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5 December, 2003

The price of fish

Every couple of years, the 'popular media' run a feature mocking celebrities and politicians for being out of touch; for not knowing the price of 'everyday' food items.  Yet the whole exercise is flawed.  Is it really surprising that the Prime Minister doesn't do his own groceries shopping?

There's also no allowance for personal taste or circumstances - a lactose-intolerant person would never buy milk, and many just don't like tomato soup. Personally, I don't eat eggs at all (as an ingredient already in a cake, yes, but as a fried, boiled, poached or scrambled egg, never), so couldn't even guess at the retail price. Likewise, I haven't bought a standard, mass-produced, sliced white loaf of bread for well over a decade; I tend to buy six-packs of individual bread rolls, and on the rare occasions I buy a loaf, it's fresh and unsliced, so I presume the price is rather different to a newspaper's definition of a 'standard' price.

What about those who do their shopping on a weekly basis, at a supermarket? After a short while, the price of individual items is forgotten within an overall bill at the checkout. I know that I don't routinely read the price on the shelf for the most fundamental items; I need milk, I put it in my basket. Milk is milk; I drink the full fat variety, and buy it in 4-pint containers. There's no price comparison to be done, so I just check the 'use by' date, not the price. I drink Coke (not Pepsi), but buy it in packs of 24 cans at the supermarket, so don't have a clue how much an individual can would cost in a convenience store. I don't buy individual items; it's too expensive. I'd say that's routine in modern British society, so the very concept of these price-knowledge articles is outdated.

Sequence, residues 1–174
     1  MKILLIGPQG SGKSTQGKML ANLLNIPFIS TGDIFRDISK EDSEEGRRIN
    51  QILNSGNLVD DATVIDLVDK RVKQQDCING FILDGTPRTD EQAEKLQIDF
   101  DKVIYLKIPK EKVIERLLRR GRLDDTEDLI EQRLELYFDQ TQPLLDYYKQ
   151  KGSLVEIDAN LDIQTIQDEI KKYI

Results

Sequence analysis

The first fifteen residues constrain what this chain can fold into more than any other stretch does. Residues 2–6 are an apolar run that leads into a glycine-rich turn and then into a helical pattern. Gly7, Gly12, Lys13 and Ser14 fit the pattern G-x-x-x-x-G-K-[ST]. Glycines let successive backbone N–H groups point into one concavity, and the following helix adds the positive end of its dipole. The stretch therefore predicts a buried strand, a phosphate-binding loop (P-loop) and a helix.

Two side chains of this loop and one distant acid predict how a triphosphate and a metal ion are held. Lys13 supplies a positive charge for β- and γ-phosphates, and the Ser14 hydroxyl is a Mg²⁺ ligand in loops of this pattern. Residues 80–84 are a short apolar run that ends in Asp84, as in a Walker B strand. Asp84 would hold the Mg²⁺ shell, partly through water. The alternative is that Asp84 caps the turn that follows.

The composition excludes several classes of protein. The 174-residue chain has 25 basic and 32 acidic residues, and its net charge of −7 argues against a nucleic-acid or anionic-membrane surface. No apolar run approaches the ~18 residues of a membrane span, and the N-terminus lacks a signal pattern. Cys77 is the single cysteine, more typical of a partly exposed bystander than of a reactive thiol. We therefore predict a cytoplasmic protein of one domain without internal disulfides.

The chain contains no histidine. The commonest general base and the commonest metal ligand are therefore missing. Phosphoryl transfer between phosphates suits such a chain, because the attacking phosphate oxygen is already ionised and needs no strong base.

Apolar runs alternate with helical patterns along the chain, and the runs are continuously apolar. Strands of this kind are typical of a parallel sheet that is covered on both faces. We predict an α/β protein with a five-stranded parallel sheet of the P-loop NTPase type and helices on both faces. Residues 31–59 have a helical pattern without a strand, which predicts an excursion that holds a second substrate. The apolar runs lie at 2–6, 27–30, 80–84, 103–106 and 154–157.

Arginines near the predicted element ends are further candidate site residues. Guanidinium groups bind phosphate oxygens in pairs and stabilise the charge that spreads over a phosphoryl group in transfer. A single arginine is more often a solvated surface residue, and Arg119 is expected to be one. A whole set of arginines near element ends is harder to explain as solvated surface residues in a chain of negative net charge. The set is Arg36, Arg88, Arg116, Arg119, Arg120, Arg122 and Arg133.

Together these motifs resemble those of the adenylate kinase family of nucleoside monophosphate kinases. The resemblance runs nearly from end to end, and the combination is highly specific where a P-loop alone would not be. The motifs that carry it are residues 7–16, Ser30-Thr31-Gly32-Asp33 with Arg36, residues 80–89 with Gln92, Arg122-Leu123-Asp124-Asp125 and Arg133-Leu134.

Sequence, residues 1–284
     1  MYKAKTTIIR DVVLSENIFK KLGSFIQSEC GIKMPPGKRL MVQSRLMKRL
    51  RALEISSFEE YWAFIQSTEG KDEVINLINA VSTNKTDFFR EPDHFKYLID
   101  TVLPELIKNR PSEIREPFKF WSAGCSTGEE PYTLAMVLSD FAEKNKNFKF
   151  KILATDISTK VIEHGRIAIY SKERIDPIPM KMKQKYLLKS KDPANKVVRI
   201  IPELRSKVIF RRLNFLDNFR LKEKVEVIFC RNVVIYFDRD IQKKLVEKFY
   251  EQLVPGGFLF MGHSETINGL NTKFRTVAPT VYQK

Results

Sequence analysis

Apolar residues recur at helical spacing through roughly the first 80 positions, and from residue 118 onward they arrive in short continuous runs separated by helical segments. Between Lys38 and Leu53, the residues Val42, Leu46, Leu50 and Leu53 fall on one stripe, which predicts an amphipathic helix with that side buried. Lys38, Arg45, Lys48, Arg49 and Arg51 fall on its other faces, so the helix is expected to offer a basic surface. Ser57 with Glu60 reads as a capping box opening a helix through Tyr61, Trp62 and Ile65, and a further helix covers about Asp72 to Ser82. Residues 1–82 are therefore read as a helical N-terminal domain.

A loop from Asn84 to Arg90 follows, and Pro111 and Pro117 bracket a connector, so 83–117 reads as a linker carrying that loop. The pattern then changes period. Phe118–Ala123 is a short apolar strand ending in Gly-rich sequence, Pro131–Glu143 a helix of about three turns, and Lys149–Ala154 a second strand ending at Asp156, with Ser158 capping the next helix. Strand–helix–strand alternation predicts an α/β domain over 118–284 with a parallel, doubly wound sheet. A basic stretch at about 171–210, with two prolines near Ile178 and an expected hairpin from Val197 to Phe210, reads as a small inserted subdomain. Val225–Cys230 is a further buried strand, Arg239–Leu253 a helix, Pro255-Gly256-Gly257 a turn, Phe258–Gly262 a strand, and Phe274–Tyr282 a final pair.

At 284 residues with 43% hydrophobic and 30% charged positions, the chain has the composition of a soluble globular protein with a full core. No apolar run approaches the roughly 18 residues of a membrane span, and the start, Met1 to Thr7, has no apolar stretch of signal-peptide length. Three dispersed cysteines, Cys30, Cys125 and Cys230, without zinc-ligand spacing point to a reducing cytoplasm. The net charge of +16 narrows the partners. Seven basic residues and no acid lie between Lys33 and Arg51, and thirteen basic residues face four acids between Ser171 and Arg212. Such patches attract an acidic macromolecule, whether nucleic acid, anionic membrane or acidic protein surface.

So why do the media still run such stories? It's easy to dismiss them as vacuous and at best casually entertaining, but I'm more cynical than that - there's an element of social engineering to it. Such stories emphasise , even invent divisions in society: an 'us' who are honest, down-to-earth and know the prices of food basics, and a pretentious 'them' isolated from real life, ignorant of prices. This might also inspire self-criticism in the readers: "I don't know the price of peanut butter either! How awful." (must conform, must conform).
The newspaper obviously includes itself in the 'us', thereby reinforcing its image as 'of the people', establishing a sense of warmth and trustworthiness. Hence, the editorial voice becomes that of a trusted friend, and when the paper reports a more serious news item, the readers are less likely to question the paper's interpretation of the facts quite as much as they ought. Individually, such apparent trivia are no more than that, trivia, but the collective effect lulls a complacent audience into unthinking acceptance of 'the truth' of more serious matters.

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